Isafjörður, Súðavík and Hólmavík

After leaving Þingeryi around 9 am, we were expecting another long day of driving to get to Isafjörður.  But the roads were paved and instead of trying to get Elfis up and over the mountain, we went through it instead via a 6 km tunnel and found ourselves in the metropolis of the Westfjords in about 40 minutes.

If you are planning on driving in the Westfjords, I highly recommend that you travel clockwise.  This way you are mostly on the inside of those crazy roads.  Not only that, but we discovered, with more than a little panic, that the 6 km tunnel going to Isafjörður starts on the south end as two lanes and after the turnoff to Suðureyri goes down to one lane.  Yes, a one-lane tunnel.  How does this work?  The northbound traffic (us, thank God!) has the right of way and the southbound traffic must pull over into designated lay-bys that happen every 50 m or so.  So if you are driving southbound, you need to decide whether you can make it to the next lay-by before the next oncoming vehicle reaches you.  In any other country, this would be a disaster.  But in Iceland, thanks to the low population in the country in general but especially in the Westfjords, not to mention their laidback attitude about everything, it’s not that difficult.

Our idea was to spend the day in Isafjörður because it is the biggest hub in the  Westfjords and we imagined that we would find enough to do to spend the whole day in town.  But within an hour we had seen almost everything the town of 3500 had to offer.  We had checked out the tourist information office, the shops that were open, the park that has a whalebone arch, the wine store (we were looking for Brennivin, the Icelandic melt-your-insides liquor) and a local museum.

There wasn’t much else to do other than eat.  We decided to get lunch.

We had passed several cafés in the downtown area but they were very gluten-heavy and didn’t serve meals, just sandwiches, cakes and coffee.  But we found a pamphlet for Tjöruhusið, a fish restaurant down in the harbour, a few minutes’ walk from the downtown.  You won’t stumble across this restaurant because it’s not really near anything else except the museum but everyone knows about it because it is absolutely amazing.  The food is served similar to buffet-style except that the food is set on thick, wooden counters in black skillets.  There is soup and bread at the beginning of the line as well as salads.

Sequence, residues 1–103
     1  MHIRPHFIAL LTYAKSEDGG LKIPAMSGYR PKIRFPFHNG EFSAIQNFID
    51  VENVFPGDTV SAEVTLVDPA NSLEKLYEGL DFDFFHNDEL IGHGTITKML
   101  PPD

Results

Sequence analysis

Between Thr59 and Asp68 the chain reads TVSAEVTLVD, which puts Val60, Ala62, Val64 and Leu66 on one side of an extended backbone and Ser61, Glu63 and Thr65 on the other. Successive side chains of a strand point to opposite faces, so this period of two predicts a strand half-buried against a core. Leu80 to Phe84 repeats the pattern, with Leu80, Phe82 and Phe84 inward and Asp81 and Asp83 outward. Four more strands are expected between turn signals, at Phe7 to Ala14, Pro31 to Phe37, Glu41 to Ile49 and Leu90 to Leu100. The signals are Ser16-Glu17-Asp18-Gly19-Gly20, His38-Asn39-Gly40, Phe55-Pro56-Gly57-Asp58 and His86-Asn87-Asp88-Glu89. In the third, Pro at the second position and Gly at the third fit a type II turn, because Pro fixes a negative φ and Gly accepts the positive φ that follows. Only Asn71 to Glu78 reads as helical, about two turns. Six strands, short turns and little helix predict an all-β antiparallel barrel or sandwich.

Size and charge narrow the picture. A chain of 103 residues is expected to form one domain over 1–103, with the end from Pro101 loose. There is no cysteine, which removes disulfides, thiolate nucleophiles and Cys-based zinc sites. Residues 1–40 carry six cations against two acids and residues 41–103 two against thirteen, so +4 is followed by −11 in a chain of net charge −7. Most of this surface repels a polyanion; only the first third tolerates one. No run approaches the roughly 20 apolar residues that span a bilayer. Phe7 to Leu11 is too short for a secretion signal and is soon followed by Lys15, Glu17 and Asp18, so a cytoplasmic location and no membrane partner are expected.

At the time that we entered the restaurant, it was quite busy and lively.  The tables were almost completely full and we could see from the line-up at the front counter that this wasn’t an ordinary restaurant.  We observed what was happening as the line slowly moved forward.  At first, we thought there wouldn’t be anything for me to eat because the fish looked to be lightly breaded.

When we were seated, I asked the server if the fish was breaded and she said yes, and then immediately looked at me and said, “Are you gluten-free?  We can make a special pan for you.  It’s no problem.”  Wow.

We discovered, in speaking with our server, that her father was the chef, the fish was fresh from the boats this morning and they had a special on today because it was the 150th anniversary of the town.  Which is why it seemed like all 3500 people in the town were at the restaurant.  It was 2500 ISK for just fish and 3500 ISK for soup and fish.  This is not only slightly cheaper than usual prices in Icelandic restaurants, the amount of food we were served for this price was unreal.  Just look at the size of the pan of fish – halibut, cod and plaice – along with salad, bread and butter potatoes and rice.  And this pan was just MY portion!  If you had enough room, you could go up and get more!

After eating such a massive lunch, we rolled ourselves out the door and back to the car.  We headed to the campsite, which we had passed on our way into town.  This campground is called Tungudalur and it had a gorgeous waterfall right in front of it (behind it? beside it?) with a little creek that meandered through the campground, dividing the tents from the trailers.  We set up camp and relaxed the rest of the day with our books.  The following morning, after striking camp, we walked halfway to the top.

On our other travels, we usually pack as much into a day as we can but this time, we were really enjoying the slow pace of the Westfjords.  We enjoyed having lots of time to make dinner, time to lie on our blankets and enjoy the warm sun, time to just do nothing in such a spectacular locale.

The next day, we started driving along the northern coast of the Westfjords.  Our first stop was only a 20-minute drive away – Suðavik, population 170.  (Just to put this into perspective, I have over 100 people in my extended family.)